States Eye Drug Court As Alternative To Prison
Sunday, April 29th 2007, 1:45 pm
News On 6
OKLAHOMA CITY (AP) -- Chris Althoff had nodded off in a drug-induced haze with a video-game controller in his hand when a police SWAT team raided his Norman home in 2004 and discovered thousands of illegal prescription pills and other narcotics.
With a previous arrest for drug trafficking already on his record, the 23-year-old was facing the possibility of life in prison because of the new charges.
"When I got arrested this last time, I knew it was over," Althoff recalled. "The sad thing was, I didn't even care."
As a last resort, prosecutors agreed to let Althoff enter drug court, an alternative to prison that many states across the country are using to stem the rising flow of drug offenders into prison systems already bursting at the seams.
Over the last three years, at least 22 states have developed initiatives to slow the growth of the inmate population, the most common of which are programs that divert drug offenders into treatment rather than prison cells, according to a March study by the Sentencing Project, a Washington, D.C.-based think-tank on criminal justice policy issues.
Laws to divert drug offenders from prison have been established since 2004 in Connecticut, Hawaii, Indiana, Louisiana, Maryland, North Dakota, Pennsylvania, Texas and Washington.
"We've seen a great deal of success in these diversion programs," said Ryan King, a policy analyst who authored the study. "There are a substantial number of drug arrests that occur every year in every state and at the federal level. Even more important than that, they tend to be the type of offense for which there are so many other options available."
Althoff, now 25, says the rigorous drug court program that included treatment, group therapy, drug testing, a curfew and participation in a 12 step support group was exactly what he needed to help him turn his life around.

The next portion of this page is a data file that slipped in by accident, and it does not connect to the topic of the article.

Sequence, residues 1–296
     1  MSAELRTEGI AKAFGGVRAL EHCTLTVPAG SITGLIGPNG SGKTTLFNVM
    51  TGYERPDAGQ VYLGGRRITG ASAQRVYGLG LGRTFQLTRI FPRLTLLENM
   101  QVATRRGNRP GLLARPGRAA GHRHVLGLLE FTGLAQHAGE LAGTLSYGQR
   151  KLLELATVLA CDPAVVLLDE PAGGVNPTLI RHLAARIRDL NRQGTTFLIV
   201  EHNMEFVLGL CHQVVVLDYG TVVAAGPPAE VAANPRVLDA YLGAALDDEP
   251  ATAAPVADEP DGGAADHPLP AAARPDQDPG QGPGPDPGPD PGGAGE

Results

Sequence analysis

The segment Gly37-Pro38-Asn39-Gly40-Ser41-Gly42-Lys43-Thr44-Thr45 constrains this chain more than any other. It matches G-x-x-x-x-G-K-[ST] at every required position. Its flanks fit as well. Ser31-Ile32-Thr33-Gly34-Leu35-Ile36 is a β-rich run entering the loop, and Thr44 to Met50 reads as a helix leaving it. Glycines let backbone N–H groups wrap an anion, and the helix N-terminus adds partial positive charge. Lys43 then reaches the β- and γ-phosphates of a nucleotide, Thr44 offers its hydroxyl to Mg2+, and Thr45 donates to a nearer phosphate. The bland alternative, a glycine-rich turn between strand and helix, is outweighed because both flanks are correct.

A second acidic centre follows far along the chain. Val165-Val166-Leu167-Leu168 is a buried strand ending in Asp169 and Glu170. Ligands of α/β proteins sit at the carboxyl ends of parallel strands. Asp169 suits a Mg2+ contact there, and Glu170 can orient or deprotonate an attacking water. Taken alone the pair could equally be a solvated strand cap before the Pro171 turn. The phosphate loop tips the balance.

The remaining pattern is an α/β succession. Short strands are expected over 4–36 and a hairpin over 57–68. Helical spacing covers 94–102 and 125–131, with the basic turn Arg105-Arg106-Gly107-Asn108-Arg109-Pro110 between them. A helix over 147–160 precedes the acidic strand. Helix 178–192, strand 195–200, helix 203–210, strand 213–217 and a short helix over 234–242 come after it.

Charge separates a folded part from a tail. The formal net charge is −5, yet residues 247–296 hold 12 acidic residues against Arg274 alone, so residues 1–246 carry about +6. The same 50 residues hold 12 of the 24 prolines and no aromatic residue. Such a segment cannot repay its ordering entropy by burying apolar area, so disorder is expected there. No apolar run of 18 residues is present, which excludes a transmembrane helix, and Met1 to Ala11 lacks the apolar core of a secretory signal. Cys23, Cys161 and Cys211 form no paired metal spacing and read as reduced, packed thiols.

"I couldn't do anything, really, except for drug court and work," Althoff said. "At first it was hard, but the alternative was much worse."
Now 25 and a recent graduate of the program, Althoff said he hasn't used drugs or alcohol for more than 2 1/2 years. In that time, he's started his own home remodeling company, gotten married, become a father and completed his associate's degree at a local community college.
He regularly attends church, even plays drums in a church band, and he's scheduled to begin this fall as a junior at the University of Oklahoma, where he plans to pursue a degree in geophysics.
As drug court success stories began to make their way to the Oklahoma Legislature, more lawmakers have adjusted their tough-on-crime stance and supported the initiative, but that wasn't always the case, said former state Sen. Dick Wilkerson, who authored the legislation to create a statewide drug court program in the late 1990s.
A retired law enforcement officer who worked narcotics for years, Wilkerson himself was used to busting drug offenders and sending them to prison and admits he was skeptical of the idea at first.
But as lawmakers continued to implement harsh sentencing for drug offenders in the 1980s and 1990s, the prison population in Oklahoma swelled and its operating budget exploded. Wilkerson said he saw that Colorado was having some success with drug court and thought it might work in Oklahoma.
"You've got to remember that back then, the only answer anyone could think of was to put these people in jail," Wilkerson said. "When we ran that drug court bill, people just said we were being soft on crime and coddling these guys. It's amusing to watch these same people say that they were always in favor of drug court.
"Success has many fathers."
Although the overall prison population continues to climb, the Department of Mental Health and Substance Abuse Services, the state agency that oversees the drug court program, touts it as a cost-saving alternative since it costs the state about $5,000 annually for a drug court participant versus $21,000 to keep an offender locked up in prison.
The recidivism rate for drug court graduates also appears to compare favorably, with a 23.5% re-arrest rate for graduates, compared to 38.2% for standard probation and 54.3% for released inmates, according to DMHSAS statistics.
"This is the most successful program to affect the criminal justice system in history," said Jeremy Jarman, Oklahoma's state drug court coordinator.
"The positive outcomes we have we can actually show. These are tangible things," he said. "But there are also the intangibles, the drug-free babies born, the increases in income for participants, the reductions in unemployment.
"You take someone struggling with addiction turn them around and ripples from that are great."